Temperatures have finally dropped (maybe for good), and there’s one thing on every Texas cultivator’s mind: winterizing the garden.
Whether you’re a homeowner with landscape shrubs, an avid gardener with colorful flower beds, or a farm-to-table vegetable grower, you know how important it is to prep your plants for winter.
There’s plenty you can do to help. Winter is a key season in any plant’s growth cycle, and there are benefits available. In fact, most plants will do some of the work themselves.
Check out this list of our favorite tips and tricks to help your plants not only succeed, but thrive through winter in Texas.
1. Fertilize in Early Winter
You don’t want to fertilize too late in the season. This is because plants have the best opportunity to capitalize on any nutrient recharge when growing conditions are also ideal.
As I write this in early November, that’s exactly the case.
“Treatment right now is a great idea,” Maas Verde project manager Marc Opperman said. “With plenty of sun, warmth, and regular rain before it gets cold, it’s pretty much the best time to give your garden a boost.”
Maas Verde recommends a light layer of organic compost or granular fertilizer, such as MicroLife Multi-Purpose 6-2-4.
2. Add Mulch or Leaf Litter To Boost Insulation
Have you ever stopped to wonder how even small plants can survive weeks of bitter-cold temperatures? While the above-ground structures of species like woody natives are especially resilient, it’s what happens inside the soil that counts.
The best way to protect that functionality: mulching.
Soil is an excellent insulator. In Texas’ tumultuous climate, that’s a key to any native plant’s survivability.
Consider those weeks when daytime temperatures swing between 40 and 75 degrees. Even in a cold front that lingers for a few days, the soil can retain a lot of ambient heat.
That’s like a jacket for plants.
“During these big swings, soil will typically stay closer to an average temperature,” Opperman said. “Just because air temperature drops, that doesn’t mean the depth where these plants have roots is going to be that cold.”
Maas Verde recommends sprinkling fresh mulch or leaf litter on garden beds ahead of the coldest winter temperatures. The added material will help limit heat loss at the soil surface.
3. Choose the Right Plant Covers for Freezes
Freezes can shock plants when the air deposits frost on their leaves and stems, causing their cells to rupture as water inside becomes ice and expands. This can happen anytime the temperature stays low enough to freeze standing water on the ground.
While covering plants with tarps, towels, or blankets will help, it’s not ideal. Breathability, sunlight penetration, and weight are all concerns — using the right tool for the job is important.
For beds, Maas Verde recommends a medium-weight UV fabric like DeWitt’s N-Sulate. It’s purpose-engineered, reusable, and generally easy to handle.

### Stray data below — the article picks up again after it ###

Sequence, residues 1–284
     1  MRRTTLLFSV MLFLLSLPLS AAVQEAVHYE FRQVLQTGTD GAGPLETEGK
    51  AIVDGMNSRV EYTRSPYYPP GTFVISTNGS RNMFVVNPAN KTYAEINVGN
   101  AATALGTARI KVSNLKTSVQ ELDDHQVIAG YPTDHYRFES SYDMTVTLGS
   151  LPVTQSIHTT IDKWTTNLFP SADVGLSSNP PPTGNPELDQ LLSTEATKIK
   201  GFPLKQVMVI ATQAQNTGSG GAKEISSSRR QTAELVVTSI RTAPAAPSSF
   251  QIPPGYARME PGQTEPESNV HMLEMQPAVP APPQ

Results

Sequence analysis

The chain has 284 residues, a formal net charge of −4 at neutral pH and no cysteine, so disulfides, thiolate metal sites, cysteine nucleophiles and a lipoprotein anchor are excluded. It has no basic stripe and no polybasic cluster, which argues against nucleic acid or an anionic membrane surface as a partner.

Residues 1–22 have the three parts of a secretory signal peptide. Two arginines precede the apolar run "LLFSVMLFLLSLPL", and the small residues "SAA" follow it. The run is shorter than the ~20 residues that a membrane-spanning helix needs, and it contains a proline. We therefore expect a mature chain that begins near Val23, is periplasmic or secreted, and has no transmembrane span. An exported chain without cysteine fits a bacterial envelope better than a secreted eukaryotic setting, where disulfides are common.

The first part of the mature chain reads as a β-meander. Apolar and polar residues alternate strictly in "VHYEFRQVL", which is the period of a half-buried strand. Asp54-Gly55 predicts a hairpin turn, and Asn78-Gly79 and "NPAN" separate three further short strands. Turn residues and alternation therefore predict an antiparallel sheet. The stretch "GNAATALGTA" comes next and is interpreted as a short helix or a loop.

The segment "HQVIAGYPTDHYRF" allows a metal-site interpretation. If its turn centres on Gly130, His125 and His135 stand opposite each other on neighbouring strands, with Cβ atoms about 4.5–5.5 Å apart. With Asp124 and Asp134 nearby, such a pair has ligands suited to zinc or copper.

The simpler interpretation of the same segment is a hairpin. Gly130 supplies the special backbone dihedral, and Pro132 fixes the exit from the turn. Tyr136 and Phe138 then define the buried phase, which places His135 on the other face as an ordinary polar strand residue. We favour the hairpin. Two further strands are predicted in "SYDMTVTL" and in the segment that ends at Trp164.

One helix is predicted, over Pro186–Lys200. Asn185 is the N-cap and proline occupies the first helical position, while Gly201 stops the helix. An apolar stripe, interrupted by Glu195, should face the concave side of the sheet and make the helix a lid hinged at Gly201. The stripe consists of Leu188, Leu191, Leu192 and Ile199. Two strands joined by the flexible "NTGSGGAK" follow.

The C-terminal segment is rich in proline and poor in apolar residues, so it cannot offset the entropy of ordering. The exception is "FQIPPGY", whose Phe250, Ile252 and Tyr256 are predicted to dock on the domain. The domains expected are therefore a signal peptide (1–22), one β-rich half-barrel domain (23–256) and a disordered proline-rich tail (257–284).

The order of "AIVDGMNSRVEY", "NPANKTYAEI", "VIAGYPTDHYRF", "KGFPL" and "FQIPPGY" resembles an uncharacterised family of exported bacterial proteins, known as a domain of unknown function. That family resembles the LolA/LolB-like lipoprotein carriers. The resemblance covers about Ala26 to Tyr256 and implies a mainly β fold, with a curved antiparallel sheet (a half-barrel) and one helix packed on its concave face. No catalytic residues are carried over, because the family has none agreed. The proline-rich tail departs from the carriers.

For winterizing potted plants or trees, you can use a Planket. Essentially the same thing in a parachute shape with a drawstring closure, it tightens around plant bases or pots for convenience. Multiple sizes are available.
4. Build Your Own Plant Caddy
The “if you’re cold, they’re cold” feels — we’ve been there, too. And whether or not you’re sentimental about your plants’ comfort, sometimes a plant just needs to come inside. Young individuals with shallow roots can be especially vulnerable to extreme cold, and even bringing them inside the garage can make a difference.
Have you ever noticed how so many plant caddies are the same size and shape? Our resident gardeners know plants are the opposite of that — they come in every size and shape.
For a quick solution, get a plastic bus tub or metal galvanized tub and add casters with construction adhesive or nuts and bolts. This simple design will fit various pot sizes and keep water off your floors.
Or you could hit the same function with a different aesthetic by using a wooden craft crate. For floor protection, consider plastic bin lids or pot saucers.
5. Your Plants Are Protecting Themselves!
At first glance, it might not look like much is going on with your outdoor plants in winter. But native and non-native adapted species actually spend this time deepening and developing their root systems.
The plant’s above-ground tissues are experiencing dormancy. Instead of using resources to grow leafy tissue, pollinate, or transpire, it’s sending all that energy underground.
“As roots grow, they tend to channel downward to create structure, and send these hairy rootlets out sideways ,” Opperman explained. “It’s a surface area thing, and it’s especially important for nutrient uptake, mycorrhizal connection, and all kinds of good stuff.”
In temperatures about 40 degrees and above, this is how native plants “winterize” themselves. By spring, they’ll be even better prepared to capitalize and grow.
*Featured image: Sylvia Sassen via Flickr